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  1. 1. Food Wars Truth and Persuasion:
  2. 2. Which of these foods would you consider to be less healthy based on calorie and fat content? You tell us:
  3. 3. Grilled Chicken Caesar Salad 9 oz. Filet Steak Outback Steakhouse OR
  4. 4. Dunkin Donuts Plain Bagel with Cream Cheese Chocolate Glazed Cake Donut OR
  5. 5. Olive Garden Cheese Ravioli with Meat Sauce Garlic-Herb Chicken with Broccoli OR
  6. 6. Starbucks Grande Light Caffé Vanilla Frappuccino Grande Orange Mango Banana Vivanno Smoothie OR
  7. 7. Why would most people choose the wrong food in this game? <ul><li>We are predisposed to believe that certain foods are healthier than others </li></ul><ul><li>Common sense tells us that we are better off eating salads than steaks, bagels than donuts, etc. </li></ul>
  8. 8. Calorie Posting Regulation <ul><li>Amendment to Health Code introduced by Bloomberg and approved by the Board of Health On January 22, 2008 </li></ul><ul><li>Goals: </li></ul><ul><ul><li>Provide consumers with greater information to make healthier choices </li></ul></ul><ul><ul><li>Combat obesity and diabetes </li></ul></ul>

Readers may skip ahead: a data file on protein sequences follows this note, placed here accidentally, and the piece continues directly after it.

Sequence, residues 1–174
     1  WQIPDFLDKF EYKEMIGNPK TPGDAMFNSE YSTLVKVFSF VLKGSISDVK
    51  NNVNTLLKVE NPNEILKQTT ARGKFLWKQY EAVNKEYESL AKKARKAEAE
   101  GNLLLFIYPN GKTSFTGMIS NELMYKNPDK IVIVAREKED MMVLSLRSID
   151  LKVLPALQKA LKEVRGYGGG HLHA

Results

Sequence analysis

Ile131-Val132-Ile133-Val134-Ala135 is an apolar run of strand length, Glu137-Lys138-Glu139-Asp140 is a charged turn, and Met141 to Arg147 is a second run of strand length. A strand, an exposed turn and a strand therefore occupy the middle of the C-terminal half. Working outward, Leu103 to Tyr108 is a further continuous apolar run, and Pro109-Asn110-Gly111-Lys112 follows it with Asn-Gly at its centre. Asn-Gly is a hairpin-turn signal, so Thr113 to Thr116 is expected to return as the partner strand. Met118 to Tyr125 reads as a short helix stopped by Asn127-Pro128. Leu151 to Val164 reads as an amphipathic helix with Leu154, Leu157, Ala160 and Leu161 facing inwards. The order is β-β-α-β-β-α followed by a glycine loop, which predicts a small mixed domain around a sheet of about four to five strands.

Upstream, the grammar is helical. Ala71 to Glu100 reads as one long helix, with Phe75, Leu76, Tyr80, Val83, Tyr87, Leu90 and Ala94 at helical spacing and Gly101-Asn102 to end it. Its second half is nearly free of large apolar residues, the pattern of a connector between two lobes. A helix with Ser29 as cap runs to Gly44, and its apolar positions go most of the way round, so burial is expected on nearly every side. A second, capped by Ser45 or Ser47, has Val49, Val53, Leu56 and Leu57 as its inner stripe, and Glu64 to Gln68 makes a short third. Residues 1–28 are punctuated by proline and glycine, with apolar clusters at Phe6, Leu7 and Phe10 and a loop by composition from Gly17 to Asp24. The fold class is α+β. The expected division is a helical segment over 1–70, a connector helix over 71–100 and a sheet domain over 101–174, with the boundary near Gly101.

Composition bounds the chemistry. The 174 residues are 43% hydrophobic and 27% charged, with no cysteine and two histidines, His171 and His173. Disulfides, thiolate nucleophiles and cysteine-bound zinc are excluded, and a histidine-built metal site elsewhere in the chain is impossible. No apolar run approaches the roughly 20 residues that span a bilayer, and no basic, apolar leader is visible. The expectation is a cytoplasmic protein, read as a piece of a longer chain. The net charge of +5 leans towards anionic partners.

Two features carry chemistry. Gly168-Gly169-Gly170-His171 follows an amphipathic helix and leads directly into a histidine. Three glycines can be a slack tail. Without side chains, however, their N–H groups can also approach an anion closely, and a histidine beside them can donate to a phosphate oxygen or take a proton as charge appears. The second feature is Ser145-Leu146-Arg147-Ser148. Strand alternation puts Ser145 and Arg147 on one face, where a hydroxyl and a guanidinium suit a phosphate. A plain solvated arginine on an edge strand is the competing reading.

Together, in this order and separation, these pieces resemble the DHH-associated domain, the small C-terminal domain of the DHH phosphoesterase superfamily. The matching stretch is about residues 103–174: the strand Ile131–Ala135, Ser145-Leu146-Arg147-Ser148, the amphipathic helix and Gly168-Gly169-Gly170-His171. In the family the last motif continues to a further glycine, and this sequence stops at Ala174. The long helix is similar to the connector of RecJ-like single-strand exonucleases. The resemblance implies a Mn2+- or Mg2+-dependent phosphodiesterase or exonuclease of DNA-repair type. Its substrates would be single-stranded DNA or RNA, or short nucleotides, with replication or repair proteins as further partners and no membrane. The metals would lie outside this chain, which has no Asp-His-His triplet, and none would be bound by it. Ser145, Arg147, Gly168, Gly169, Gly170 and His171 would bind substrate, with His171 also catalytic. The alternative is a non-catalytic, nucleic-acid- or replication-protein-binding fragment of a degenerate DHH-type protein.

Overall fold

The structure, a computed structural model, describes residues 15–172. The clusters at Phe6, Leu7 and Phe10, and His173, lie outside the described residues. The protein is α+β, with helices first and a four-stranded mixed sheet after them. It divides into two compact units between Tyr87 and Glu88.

9. 9. Use of Logos <ul><li>Nearly 33 % of children/adolescents and 65% of adults in the United States are overweight or obese </li></ul><ul><ul><li>Obesity costs the country more than $117 billion per year in direct medical expenses and indirect costs (reduced productivity, etc.) </li></ul></ul><ul><ul><li>Lower calorie diets prevent obesity and diabetes </li></ul></ul><ul><li>Based on idea that when people have calorie information they use it </li></ul><ul><ul><li>¾ of consumers say they look at calorie information on packaged foods in supermarkets </li></ul></ul><ul><ul><li>½ say nutrition information affects their food selections ( http://home2.nyc.gov/html/doh/html/pr2008/pr023-08.shtml ) </li></ul></ul>